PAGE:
Tuesday, December 18, 2012

little shop, little shop of horrors

As I have mentioned before, I don't particularly like shopping. I can tolerate some stores, like Target and my local supermarket. Multi-level malls, however, make me cringe. I admit that I have found myself, on occasion, in a Walmart, but I don't like to linger. I like to get my incredibly low-priced merchandise and get the hell out of there (mostly, for fear that someone I know will see me in a Walmart... but, wait! That means they're in a Walmart, too!). Walmart's cheap prices cannot be denied. The drawback is that you have to go to Walmart to get them. But, judging by the amount of customers in a Walmart on any given day, you would never imagine that the economy is suffering.

Target has shrewdly positioned itself above Walmart, while avoiding the pretentiousness of department stores. Target's combination of kitschy chic and sensible discounts is brilliant marketing. In spite of the fact that Target sells peanut butter and winter coats and power drills, it remains cool. (Walmart also sells peanut butter and winter coats and power drills, yet it remains not cool.)

Then there's K-Mart.

On a recent Saturday, my wife had a few last-minute gifts to purchase and since Chanukah blindsided us with an early arrival this year, we decided to get our collective asses in gear. Mrs. P received an emailed plea from K-Mart, based on a purchase she made nearly eight months ago. The offer, phrased in an almost pathetic beg, promised seven whole dollars off any purchase in the store. Closer inspection revealed that the item must be selected from the toy department. Well, better than nothing! We'll just get something for seven bucks and split. (But, I've known my wife for thirty years and there's no such thing as "hit and run" when it comes to her and shopping.... even at K-Mart.)

The closest K-Mart to our house requires driving past several malls, shopping complexes and strip centers. With the big gift-giving holidays approaching at a threatening pace, the parking lots of these commerce establishments were packed. Anxious shoppers maneuvered their cars in and around lengthy rows of vehicles, hoping to spot that one elusive space and get on with their shopping. Lot after lot was a sea of chrome and tires... until we came to K-Mart. Poor K-Mart. In K-Mart's parking lot, we had our pick of prime parking accommodations. I could have made a blindfolded U-turn with a cruise ship and not hit anything.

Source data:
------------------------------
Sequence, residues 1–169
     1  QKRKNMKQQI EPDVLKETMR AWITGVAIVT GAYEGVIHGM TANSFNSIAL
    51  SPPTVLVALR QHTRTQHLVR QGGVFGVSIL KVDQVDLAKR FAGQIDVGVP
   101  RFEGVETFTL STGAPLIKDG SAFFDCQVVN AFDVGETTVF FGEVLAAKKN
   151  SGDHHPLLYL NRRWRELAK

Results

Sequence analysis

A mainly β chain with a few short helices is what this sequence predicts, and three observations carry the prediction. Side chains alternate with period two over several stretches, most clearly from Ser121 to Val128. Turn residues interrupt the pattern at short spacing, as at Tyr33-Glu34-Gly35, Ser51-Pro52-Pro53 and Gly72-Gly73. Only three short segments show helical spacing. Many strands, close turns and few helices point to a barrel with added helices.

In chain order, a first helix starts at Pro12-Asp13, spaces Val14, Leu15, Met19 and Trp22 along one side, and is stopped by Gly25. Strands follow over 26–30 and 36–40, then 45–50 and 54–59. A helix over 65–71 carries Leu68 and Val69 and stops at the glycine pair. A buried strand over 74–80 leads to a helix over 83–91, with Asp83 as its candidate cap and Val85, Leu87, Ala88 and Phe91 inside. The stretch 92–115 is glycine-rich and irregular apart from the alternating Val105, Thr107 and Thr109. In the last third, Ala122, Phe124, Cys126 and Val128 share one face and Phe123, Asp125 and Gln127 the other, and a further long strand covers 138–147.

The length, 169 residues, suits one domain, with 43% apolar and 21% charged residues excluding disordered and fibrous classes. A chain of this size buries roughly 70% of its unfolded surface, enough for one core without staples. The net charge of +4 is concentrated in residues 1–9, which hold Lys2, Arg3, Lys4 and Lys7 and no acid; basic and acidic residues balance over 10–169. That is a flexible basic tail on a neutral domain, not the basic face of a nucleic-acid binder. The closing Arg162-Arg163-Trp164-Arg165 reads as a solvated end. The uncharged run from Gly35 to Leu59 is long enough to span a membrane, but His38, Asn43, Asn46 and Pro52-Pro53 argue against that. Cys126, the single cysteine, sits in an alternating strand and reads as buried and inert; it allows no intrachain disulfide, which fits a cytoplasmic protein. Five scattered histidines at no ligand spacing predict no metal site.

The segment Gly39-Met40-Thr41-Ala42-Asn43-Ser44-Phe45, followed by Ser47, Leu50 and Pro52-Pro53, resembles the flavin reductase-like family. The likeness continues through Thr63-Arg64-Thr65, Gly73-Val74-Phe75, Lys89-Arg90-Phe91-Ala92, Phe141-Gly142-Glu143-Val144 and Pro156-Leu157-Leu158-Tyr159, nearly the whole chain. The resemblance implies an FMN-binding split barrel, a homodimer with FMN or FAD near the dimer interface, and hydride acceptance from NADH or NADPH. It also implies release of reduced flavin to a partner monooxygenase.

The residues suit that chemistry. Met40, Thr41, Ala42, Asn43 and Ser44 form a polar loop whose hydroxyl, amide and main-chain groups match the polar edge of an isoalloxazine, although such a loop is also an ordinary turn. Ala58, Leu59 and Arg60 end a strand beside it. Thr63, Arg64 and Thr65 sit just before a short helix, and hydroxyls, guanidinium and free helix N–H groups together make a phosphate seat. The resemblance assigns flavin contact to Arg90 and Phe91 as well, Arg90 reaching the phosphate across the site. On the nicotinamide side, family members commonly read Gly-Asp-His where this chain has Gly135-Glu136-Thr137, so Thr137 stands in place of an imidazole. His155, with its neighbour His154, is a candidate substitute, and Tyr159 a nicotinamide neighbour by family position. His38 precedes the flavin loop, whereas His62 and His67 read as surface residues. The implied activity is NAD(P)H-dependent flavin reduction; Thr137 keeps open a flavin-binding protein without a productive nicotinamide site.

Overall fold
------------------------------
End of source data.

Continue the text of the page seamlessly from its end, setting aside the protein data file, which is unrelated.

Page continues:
We entered the store. It was sad. A single display of generic boxed Christmas cards stood just inside the automatic doors. It was tilting a bit to left. A few confused shoppers pushed nearly-empty carts aimlessly about. I whispered to my wife, "See these people? Obviously, there was an incident and they've been banned from Walmart. Now, they have to come here instead. Why else would anyone shop here?"

Continuing deeper into the store, it just got sadder. A few popcorn tins, dented and emblazoned with several out-of-favor cartoon characters, were stacked haphazardly in one aisle. Another aisle offered varied gift sets ranging from hot chocolate kits to shaving outfits. Next to that was cardboard shelving stocked with Ben Gay. Tinny, unrecognizable Christmas music trickled out of the ceiling speakers.

We found the shabby toy department and proceeded up and down each aisle — several times — scanning the shelves for something — anything — we could grab for seven bucks. We settled on a Hello Kitty lunchbox and headed for the checkout area. As we expected, the lines were light. When it was our turn, I placed our selections (yeah, yeah... we got other stuff, too. I told you!) up on the counter and my wife presented the print out of her special K-Mart offer. The cashier looked at the paper as though it were the twentieth question in the math section of the SATs. She pressed a series of keys on her cash resister and reported that "the system is down," praying we would just pay cash and leave her brain alone. Mrs. P explained the origins of the offer to the cashier, an explanation that would have received the same reaction had it been delivered in that South American tribal clicky language. A manager was summoned. She was cordial, businesslike and swift in her actions. Gently shoving the cashier aside, the manager mashed some buttons, swiped some access cards and whisked the printed paper out of the cashier's hand. "I'll have to hold on to this.," she said as she started back to the customer service area. We gathered up our bagged items and started for our car. Seven dollars had been deducted from our receipt.

While we loaded the bags into the back of my wife's SUV, I said, "Take a good look at this place, because next year, I predict, there won't be such a thing as K-Mart. There's just no room in the world for it."


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